Computer program looks five minutes into the future
Computer scientists from the University of Bonn have developed software that can look a few minutes into the future. The program first learns the typical sequence of actions, such as cooking, from video sequences. Based on this knowledge, it can then accurately predict in new situations what the chef will do at which point in time. Researchers will present their findings at the world's largest Conference on Computer Vision and Pattern Recognition, which will be held June 19-21 in Salt Lake City, USA.
The perfect butler, as every fan of British social drama knows, has a special ability: He senses his employer's wishes before they have even been uttered. The working group of Prof. Dr. Jürgen Gall wants to teach computers something similar: "We want to predict the timing and duration of activities—minutes or even hours before they happen," he explains.
A kitchen robot, for example, could then pass the ingredients as soon as they are needed, pre-heat the oven in time—and in the meantime warn the chef if he is about to forget a preparation step. The automatic vacuum cleaner meanwhile knows that it has no business in the kitchen at that time, and instead takes care of the living room.
We humans are very good at anticipating the actions of others. For computers however, this discipline is still in its infancy. The researchers at the Institute of Computer Science at the University of Bonn are now able to announce a first success: They have developed self-learning software that can estimate the timing and duration of future activities with astonishing accuracy for periods of several minutes.
Training data: four hours of salad videos
The training data used by the scientists included 40 videos in which performers prepare different salads. Each of the recordings was around 6 minutes long and contained an average of 20 different actions. The videos also contained precise details of what time the action started and how long it took.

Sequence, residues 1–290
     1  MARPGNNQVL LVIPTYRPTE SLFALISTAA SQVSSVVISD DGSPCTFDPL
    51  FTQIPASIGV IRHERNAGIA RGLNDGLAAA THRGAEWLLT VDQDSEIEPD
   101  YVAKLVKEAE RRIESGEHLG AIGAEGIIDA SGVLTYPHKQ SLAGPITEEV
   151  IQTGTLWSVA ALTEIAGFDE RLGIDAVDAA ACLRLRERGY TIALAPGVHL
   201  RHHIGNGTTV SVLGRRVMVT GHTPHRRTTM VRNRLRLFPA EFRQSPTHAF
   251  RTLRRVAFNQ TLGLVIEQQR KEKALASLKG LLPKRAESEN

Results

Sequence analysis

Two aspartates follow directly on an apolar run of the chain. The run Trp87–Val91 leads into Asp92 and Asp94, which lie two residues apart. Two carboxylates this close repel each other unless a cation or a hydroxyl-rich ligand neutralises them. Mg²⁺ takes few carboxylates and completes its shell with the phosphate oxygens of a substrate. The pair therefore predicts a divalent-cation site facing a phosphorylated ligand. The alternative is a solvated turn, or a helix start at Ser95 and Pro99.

The computer "watched" these salad videos totaling around four hours. This way, the algorithm learned which actions typically follow each other during this task and how long they last. This is by no means trivial: After all, every chef has his own approach. Additionally, the sequence may vary depending on the recipe.
"Then we tested how successful the learning process was," explains Gall. "For this we confronted the software with videos that it had not seen before." At least the new short films fit into the context: They also showed the preparation of a salad. For the test, the computer was told what is shown in the first 20 or 30 percent of one of the new videos. On this basis it then had to predict what would happen during the rest of the film.
That worked amazingly well. Gall: "Accuracy was over 40 percent for short forecast periods, but then dropped the more the algorithm had to look into the future." For activities that were more than three minutes in the future, the computer was still right in 15 percent of cases. However, the prognosis was only considered correct if both the activity and its timing were correctly predicted.
Gall and his colleagues want the study to be understood only as a first step into the new field of activity prediction. Especially since the algorithm performs noticeably worse if it has to recognize on its own what happens in the first part of the video, instead of being told. Because this analysis is never 100 percent correct—Gall speaks of "noisy" data. "Our process does work with it," he says. "But unfortunately nowhere near as well."